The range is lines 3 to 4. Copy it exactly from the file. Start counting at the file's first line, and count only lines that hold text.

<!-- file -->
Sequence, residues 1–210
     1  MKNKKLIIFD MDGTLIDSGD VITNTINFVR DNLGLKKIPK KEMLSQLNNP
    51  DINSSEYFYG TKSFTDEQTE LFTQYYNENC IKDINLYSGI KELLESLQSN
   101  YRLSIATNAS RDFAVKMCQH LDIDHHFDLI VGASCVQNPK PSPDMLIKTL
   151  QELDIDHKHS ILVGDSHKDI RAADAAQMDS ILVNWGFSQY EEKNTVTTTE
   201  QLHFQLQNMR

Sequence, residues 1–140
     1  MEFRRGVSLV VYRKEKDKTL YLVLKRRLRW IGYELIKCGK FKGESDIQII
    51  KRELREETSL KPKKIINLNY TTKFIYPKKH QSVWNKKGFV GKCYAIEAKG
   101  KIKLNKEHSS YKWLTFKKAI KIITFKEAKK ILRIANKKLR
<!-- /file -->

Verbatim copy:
    51  DINSSEYFYG TKSFTDEQTE LFTQYYNENC IKDINLYSGI KELLESLQSN
   101  YRLSIATNAS RDFAVKMCQH LDIDHHFDLI VGASCVQNPK PSPDMLIKTL